Pujols rescues Cards with ninth-inning HR

Tuesday, October 18, 2005

HOUSTON -- Down to their last out, the St. Louis Cardinals brought the NL championship series home.

Albert Pujols' dramatic, three-run home run in the ninth inning off Houston Astros closer Brad Lidge gave the 100-win Cardinals a last-gasp chance to save their season.

The Cardinals beat Houston 5-4 Monday night, and they'll try to keep the comeback going in Game 6 Wednesday night at 40-year-old Busch Stadium, which will be demolished after the season to make room for a new ballpark that will carry the same name.

The Cardinals will have to beat 20-game winner Roy Oswalt and Roger Clemens to complete the comeback and make it a happy homecoming. But at least they're still playing.

Pujols' 412-foot shot off Lidge soared far past Minute Maid Park's short porch in left field and turned a two-run deficit into a one-run lead and kept the Cardinals' longest losing streak of the season at three games.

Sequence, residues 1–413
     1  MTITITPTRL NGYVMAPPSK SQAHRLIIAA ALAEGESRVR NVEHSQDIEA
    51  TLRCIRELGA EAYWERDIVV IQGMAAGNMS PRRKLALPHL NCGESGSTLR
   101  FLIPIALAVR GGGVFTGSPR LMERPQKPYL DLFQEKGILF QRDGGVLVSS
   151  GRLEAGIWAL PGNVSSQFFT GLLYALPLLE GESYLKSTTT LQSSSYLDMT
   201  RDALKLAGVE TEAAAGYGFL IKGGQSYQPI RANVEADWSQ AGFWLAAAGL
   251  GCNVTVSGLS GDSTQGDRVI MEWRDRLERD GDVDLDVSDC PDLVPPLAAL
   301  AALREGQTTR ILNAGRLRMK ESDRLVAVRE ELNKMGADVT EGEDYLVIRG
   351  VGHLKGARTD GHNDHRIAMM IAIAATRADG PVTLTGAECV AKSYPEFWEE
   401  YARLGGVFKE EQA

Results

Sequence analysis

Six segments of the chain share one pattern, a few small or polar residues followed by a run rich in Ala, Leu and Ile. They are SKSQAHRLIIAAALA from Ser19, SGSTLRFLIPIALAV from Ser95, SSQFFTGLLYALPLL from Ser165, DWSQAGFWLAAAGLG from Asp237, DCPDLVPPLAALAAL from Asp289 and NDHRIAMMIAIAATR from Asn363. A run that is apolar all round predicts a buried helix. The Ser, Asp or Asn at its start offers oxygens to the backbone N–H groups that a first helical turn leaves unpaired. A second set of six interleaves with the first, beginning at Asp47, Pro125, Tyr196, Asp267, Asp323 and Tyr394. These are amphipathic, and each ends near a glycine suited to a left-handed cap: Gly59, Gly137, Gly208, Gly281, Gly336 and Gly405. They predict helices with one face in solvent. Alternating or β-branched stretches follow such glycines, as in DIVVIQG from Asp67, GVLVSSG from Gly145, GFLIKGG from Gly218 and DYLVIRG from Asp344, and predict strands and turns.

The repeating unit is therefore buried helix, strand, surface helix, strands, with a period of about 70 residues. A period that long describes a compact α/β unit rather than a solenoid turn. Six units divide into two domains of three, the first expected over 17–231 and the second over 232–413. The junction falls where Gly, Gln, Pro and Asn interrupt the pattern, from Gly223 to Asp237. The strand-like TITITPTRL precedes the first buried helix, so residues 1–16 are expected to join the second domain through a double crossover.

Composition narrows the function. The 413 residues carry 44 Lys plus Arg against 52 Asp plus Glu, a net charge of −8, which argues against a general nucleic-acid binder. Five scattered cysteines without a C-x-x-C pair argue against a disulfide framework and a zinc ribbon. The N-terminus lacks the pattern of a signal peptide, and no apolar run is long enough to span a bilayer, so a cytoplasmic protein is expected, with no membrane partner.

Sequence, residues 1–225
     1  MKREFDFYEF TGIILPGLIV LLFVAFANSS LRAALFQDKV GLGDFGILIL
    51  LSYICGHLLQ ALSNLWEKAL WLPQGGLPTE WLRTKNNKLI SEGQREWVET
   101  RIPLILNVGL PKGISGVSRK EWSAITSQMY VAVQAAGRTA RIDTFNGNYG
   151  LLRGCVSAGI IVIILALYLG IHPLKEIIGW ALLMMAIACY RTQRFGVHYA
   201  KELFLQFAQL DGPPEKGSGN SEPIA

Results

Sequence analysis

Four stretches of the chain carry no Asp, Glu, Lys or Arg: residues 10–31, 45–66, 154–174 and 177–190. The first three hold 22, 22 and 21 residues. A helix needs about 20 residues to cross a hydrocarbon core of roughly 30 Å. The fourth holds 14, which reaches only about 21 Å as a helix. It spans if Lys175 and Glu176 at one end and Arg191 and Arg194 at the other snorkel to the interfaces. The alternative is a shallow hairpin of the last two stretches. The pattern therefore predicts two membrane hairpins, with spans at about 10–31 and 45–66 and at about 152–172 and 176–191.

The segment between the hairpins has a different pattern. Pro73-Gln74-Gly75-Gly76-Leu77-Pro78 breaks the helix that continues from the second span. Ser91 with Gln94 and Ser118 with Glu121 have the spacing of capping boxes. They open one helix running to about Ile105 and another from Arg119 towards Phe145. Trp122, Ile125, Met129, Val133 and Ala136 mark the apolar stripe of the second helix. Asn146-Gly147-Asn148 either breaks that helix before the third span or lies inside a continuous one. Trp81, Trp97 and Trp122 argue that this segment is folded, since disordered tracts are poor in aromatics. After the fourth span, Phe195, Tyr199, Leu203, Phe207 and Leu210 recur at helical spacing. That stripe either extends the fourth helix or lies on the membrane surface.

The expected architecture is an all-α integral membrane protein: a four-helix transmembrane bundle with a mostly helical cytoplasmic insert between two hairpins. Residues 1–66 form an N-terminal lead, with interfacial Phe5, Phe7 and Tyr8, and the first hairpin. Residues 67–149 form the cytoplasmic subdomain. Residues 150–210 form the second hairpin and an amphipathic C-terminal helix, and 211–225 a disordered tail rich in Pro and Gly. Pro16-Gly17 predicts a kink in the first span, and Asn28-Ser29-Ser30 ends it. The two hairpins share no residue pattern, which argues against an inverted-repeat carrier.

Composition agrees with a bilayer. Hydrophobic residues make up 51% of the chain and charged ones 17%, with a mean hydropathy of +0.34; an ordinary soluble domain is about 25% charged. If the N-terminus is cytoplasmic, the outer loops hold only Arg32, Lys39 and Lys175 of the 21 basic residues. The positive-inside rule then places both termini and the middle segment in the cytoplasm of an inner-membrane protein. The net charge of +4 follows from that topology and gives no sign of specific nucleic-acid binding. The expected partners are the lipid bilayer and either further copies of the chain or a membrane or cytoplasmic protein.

Pujols turned on a Lidge slider, and it was just about the only sign of life the Cardinals offense has shown in last four games. They totaled five runs in the previous three games and are a feeble 6-for-34 with runners in scoring position, including 2-for-11 in Game 5 before Pujols' shot.

Earlier in the game, Pujols twice failed to deliver. He popped out to third with runners on first and second and none out in the first inning against Andy Pettitte, and struck out with runners on first and third and none out in the third.

Before the homer, the Cardinals' offense consisted of a two-run bloop single by Mark Grudzielanek in the third. Lidge opened the ninth with a pair of strikeouts before David Eckstein singled, Jim Edmonds walked and Pujols brought them home.

For once, the hitters rescued the pitchers.

Chris Carpenter was 4-0 with a 1.85 ERA against the Astros in the regular season and then beat them again in Game 1. But in the 263rd inning of a long, demanding season, the 21-game winner finally ran out of gas when he was victimized by Lance Berkman's short-porch, three-run homer that put the Astros ahead 4-2 in the seventh.

Though they're going home, the Cardinals still have issues. Larry Walker looks like a player who needs a fifth cortisone injection for his ailing neck, going 2-for-15 in the NLCS with one RBI. Edmonds, the team's No. 2 run producer with 89 RBIs in the regular season, has none in the NLCS.

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